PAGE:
This cabinet, which features scissor hinges, is not conducive to a typical frame and panel door, to my eye. And so I’ve been moving toward a design which minimizes the appearance of the frame work, first by putting it flush with the panel (the panel will not be recessed) and second by reducing the rails to slightly more than trim. However, now the rails may have been reduced their function must be transferred to another structural member. In this case I have replaced their function with three battens which will be mortised into the stiles.
The mortises will be blind, their shoulders will be offset from the panel to allow for expansion of the panel (it’s so dry in my shop that expansion is the only likely result of moving this cabinet to the bathroom), but the expansion room should be hidden in a gap between the panel and the stiles.
The panel thickness will total 3/4″, but I have made available only 1/2″ of space at the front of the cabinet. I will recess 1/4″ of the door into the cabinet, this will seat the door nicely and if all goes well eliminate the need for a catch. I’ve used this device on boxes with success and I’m hoping for a repeat performance here. If that fails then I will use a brass catch.
If there are any humidor builders looking in on this build they may have noticed the recessed inner case which is setback 1/4″ and know the reasoning behind it.
I’m starting with 10/4 stock rather than 4/4 because I would like to orient the grain so that the stiles are made from quarter sawn grain. I have learned over time that important structural members such as case surrounds, stiles, rails and legs should all be made with absolutely premium quality straight grained and quarter sawn material. One should not be looking for exciting grain in a table leg or a door stile.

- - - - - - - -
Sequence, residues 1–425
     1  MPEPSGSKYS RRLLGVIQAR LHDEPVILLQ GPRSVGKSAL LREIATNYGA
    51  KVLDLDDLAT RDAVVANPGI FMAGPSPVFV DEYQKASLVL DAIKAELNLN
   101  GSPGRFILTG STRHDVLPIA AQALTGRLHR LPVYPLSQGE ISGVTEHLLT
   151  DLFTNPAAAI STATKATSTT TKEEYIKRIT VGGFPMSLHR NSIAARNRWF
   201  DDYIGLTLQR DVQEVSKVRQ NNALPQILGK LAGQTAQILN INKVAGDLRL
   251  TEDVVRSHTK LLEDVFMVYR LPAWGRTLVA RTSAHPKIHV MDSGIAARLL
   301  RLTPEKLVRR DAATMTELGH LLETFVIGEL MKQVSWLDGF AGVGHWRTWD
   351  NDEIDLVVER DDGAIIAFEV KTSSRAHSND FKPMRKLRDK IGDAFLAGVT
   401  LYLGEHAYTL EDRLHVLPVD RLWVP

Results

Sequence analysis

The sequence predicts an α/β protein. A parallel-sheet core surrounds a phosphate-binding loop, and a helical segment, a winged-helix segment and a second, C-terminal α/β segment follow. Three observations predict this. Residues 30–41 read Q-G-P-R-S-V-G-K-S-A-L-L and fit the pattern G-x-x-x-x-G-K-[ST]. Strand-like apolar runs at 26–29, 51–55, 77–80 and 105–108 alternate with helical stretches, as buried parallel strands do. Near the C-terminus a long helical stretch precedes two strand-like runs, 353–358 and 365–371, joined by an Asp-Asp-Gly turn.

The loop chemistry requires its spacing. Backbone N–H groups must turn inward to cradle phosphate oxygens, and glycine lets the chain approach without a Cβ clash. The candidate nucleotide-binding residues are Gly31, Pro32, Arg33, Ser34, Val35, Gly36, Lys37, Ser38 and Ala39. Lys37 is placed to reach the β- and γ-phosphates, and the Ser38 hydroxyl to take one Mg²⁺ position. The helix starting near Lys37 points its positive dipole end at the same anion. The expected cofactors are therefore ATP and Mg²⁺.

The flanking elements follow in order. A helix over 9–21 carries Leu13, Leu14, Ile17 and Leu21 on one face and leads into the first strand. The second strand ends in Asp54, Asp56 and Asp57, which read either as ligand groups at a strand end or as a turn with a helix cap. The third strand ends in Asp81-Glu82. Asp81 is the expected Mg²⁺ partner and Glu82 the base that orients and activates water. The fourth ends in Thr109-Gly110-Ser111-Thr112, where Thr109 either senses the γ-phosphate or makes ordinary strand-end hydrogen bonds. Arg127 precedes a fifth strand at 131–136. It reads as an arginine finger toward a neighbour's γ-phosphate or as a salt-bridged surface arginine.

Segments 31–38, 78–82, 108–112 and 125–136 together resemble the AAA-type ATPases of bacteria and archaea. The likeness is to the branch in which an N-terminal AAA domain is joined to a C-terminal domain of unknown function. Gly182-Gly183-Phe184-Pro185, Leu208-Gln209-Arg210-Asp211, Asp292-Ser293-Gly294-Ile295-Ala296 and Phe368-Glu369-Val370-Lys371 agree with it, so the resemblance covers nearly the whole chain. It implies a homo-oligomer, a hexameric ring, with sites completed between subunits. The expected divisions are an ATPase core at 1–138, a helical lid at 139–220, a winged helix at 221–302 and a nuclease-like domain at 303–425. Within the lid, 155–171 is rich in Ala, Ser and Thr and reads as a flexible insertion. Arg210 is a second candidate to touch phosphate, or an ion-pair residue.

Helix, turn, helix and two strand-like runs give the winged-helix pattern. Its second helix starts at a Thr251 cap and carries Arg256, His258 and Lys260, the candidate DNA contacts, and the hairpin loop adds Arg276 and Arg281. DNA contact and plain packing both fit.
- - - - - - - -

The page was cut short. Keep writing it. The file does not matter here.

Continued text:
Next up, I’m flattening the faces with my Trying plane. This is a quick process, made quicker with a reference beam I have on the end of my bench which I check for flatness every month or so. I maintain it flat and true to .001″ and it makes for a quick check eliminating the need for winding sticks when making small parts.
I followed up by surfacing these with the Kanna to remove any tear out a problem which can present itself commonly with quarter sawn material. I take see through shavings with a very tight set chip breaker to eliminate tear out with my Kanna and the stiles absolutely glow.
This post will be slightly light on photos. I’ve worked through the majority of the details on this door and so on the second half I will be certain to detail the mortising and grooving processes. The right side stile is completed and with that having been completed it should begin to reveal my intentions with this door. The first door is on the left and awaits a handle design and application. Both are enjoyable to view, but I feel the second door will hopefully eclipse the first…..if not I’ll simply make a duplicate of the first and have a new decoration for around the shop, hehe.
And the backside should reveal exactly how the battens support the door.
Now some of you may be looking in and wondering exactly how I intend to handle the rails. I will reveal this in my next post.
I hope you have enjoyed and welcome questions and comments.
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